Sannomiya, Sannomiyaです

A half hour away from the nearest subway station is the downtown area of Kobe, Sannomiya. A bustling center and hub for various train lines. Here you can find shops, restaurants, more shops, entertainment, and more! A surprise and shock at first sight, this is the first big city I've ever visited in Japan. With crosswalks that stretch down the entire street and people constantly on the move adding to the barrage of flashing lights, signs and advertisements. After awhile I can't take it all in and it starts to become over stimulating and I start to squint, shaking away any oncoming headaches. My friends laugh and coolly say, "this is nothing compared to Osaka". This was also a first time meeting a homeless person in Japan, something I was sworn by my high school Japanese teacher didn't exists (although I think she meant few in comparison to the states?).

One thing I have yet to understand is how services and restaurants share the same building. There will be a building about 7 stories tall and on the side will be small signs briefly describing what exists on that floor. This adds infinite amount of signs to read something that is impossible for me to do when walking at the same pace as everyone on the street. Something I also find strange is the arrangement of buildings. Obviously there is huge competition for space in such a big city but the way shops and stores are constructed creates weird experiences for me. For example imagine ordering at a McDonald's that's open to the street and then having to go down a spiral stair case into a basement to find seating. Being brought up in the Northwestern part of the USA, I associate building size and shape to different establishments. You see the outside of the building you recognize it not only by its exterior signs but by its physical shape (Wouldn't you be suspicious if you saw a Safeway in a building the size of a flower shop?). Since there's so much damn space, these buildings can be made as big as possible with huge exteriors like some commercialism mecca, beckoning people from a mile away.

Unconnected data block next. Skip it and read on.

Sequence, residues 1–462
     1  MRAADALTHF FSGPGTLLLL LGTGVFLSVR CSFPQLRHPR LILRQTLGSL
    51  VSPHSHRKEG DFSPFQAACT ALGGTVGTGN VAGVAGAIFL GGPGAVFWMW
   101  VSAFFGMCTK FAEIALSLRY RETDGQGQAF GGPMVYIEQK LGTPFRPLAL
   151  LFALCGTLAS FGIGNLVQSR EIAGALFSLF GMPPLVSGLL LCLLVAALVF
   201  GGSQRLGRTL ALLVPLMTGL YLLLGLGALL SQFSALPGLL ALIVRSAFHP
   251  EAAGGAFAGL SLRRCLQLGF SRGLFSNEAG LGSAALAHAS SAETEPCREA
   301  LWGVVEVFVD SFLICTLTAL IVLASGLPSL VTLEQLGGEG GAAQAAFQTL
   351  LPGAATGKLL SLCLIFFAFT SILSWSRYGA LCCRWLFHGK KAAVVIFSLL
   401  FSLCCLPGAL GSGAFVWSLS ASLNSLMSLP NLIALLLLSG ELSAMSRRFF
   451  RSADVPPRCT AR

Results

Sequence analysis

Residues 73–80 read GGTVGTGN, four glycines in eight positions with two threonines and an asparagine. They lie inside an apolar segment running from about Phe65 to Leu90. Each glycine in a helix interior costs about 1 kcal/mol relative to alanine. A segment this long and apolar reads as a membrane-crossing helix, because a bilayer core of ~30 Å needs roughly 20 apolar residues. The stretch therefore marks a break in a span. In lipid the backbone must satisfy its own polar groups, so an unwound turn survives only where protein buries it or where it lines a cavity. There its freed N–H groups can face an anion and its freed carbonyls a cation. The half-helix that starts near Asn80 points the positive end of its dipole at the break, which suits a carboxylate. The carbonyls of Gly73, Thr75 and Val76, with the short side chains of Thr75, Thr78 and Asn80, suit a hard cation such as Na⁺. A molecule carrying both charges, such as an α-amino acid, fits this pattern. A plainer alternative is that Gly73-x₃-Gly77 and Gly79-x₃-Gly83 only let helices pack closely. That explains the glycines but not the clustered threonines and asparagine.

So here's where I get to my point, Because of the way buildings are made in the Northwest, the exterior is very important to me. In London and in Japan too, Department stores exist in multi story buildings with different products on different floors. You can't just open your eyes and see the name of the store you have to know where you're going and what floor to go to. Similarly there are many restaurants and shops that have no exterior entrance. You have to walk down a flight of stairs narrow enough for one person or go up an elevator or climb stairs and discover which hole in the wall to go into. For me it creates a kind of duality, with friendly street signs and mysterious, faceless entryways that are somewhat maze like, I really don't know whether to feel welcomed or dared to enter. There must be some truth to this because I ran into another foreigner who decided to ask me if there was anything to do around here when we are surrounded by hundreds upon hundreds of teeming shops and entertainment centers just begging for business. My response was get lost...... What I mean by that is walk around and get lost not the GET LOST! get lost. So yeah exteriors, Important to the US consumers? Ask yourself this the next time you pass a Walmart and you see it all the way from the highway.

A loooooooooooooong path to shopping heaven. (if you enjoy shopping)

1 comment:

Anonymous said...

Does there appear to be any accommodation for the handicapped? Are there mom's with strollers? What about the elderly? I wonder how they would get around in narrow passageways and stairwells. Interesting post!!!